Typically, indirect costs are determined in proportion to planned direct costs. As a rule, accounting calculates the percentage of indirect costs.

  • Direct costs for the current year are determined.
  • Indirect costs for the current year are determined.
  • Indirect costs are divided into direct costs and multiplied by 100.

The more painstaking method of calculating indirect costs, described further in the "Two Ways to Determine Indirect Costs" insert, requires additional effort. However, your work will be rewarded with a more accurate assessment.

Suppose you are planning a project to develop a company's advertising prospectus based on such information.

Budget of the project to develop the company's advertising prospectus

Expenditure Category Expenses (dollars) Total (dollars) Direct labor costs: . . You: 200 hours x $30/hour. 6000 . Mary: 100 hours x $25/hour. 2500 . altogether. 8500 Indirect Costs (60%) . . . 5100 Other direct costs: . . .

You have to work 200 hours on the project and your employee Mary has 100.

  • Your bet is $30. mary's rate is 25 per hour.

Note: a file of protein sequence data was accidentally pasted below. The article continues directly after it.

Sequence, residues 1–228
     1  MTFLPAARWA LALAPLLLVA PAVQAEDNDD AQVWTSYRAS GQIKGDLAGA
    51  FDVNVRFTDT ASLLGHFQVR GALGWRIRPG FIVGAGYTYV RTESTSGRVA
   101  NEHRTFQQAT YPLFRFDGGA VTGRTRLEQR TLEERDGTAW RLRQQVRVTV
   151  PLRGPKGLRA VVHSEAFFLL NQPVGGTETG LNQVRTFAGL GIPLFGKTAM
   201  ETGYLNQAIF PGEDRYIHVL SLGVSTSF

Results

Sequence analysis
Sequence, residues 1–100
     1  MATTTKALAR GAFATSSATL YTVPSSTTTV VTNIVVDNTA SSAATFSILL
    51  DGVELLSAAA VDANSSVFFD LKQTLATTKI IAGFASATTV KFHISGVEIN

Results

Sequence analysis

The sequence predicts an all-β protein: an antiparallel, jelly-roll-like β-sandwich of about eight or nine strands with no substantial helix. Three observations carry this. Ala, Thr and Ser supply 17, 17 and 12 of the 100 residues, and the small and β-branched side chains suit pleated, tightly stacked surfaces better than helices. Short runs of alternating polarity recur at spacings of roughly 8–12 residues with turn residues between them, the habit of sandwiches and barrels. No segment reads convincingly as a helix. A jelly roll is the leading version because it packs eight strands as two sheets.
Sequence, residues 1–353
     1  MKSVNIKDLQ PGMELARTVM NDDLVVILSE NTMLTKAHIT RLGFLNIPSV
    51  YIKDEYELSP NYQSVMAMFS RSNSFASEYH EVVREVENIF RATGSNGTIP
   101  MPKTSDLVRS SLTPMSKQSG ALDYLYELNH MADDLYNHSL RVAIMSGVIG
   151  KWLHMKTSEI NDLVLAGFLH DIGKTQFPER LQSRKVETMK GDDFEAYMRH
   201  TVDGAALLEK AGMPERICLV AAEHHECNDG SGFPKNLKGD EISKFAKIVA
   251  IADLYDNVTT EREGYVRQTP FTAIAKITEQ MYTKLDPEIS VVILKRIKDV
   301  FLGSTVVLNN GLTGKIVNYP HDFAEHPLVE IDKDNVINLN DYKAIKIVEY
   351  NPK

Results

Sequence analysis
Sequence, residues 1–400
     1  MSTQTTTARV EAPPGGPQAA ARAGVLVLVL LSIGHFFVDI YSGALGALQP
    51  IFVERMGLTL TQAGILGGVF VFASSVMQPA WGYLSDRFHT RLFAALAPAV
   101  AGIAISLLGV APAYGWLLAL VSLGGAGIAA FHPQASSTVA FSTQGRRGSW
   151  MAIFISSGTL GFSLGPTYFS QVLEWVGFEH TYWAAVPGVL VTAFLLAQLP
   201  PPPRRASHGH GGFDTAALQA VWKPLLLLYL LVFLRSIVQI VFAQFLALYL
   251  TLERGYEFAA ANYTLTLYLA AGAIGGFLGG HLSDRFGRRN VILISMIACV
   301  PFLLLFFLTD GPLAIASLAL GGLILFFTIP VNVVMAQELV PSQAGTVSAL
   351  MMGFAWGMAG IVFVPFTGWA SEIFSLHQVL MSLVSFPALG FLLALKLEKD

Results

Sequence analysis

• You must purchase a paper for a printing device worth $1,000.
  • Your business trips to the suppliers will cost $300.
  • You have determined that the subcontractor will be paid $5,000 for the brochure.
  • The total indirect cost to your organization is 60%.
  • Two ways to determine indirect costs
  • Two methods are usually used to determine indirect costs.

Method 1. One factor is used for overheads and another for general and administrative costs.

Your organization's accounting determines the overhead ratio by calculating the ratio of all project overheads to all direct project costs.

Accounting determines the ratio of total and administrative costs by calculating the ratio of all general and administrative costs for projects to the sum of all direct labour costs, other direct costs, and project overheads.

You define overheads for a particular work as the product of the direct cost of the work to do the work at the overhead ratio.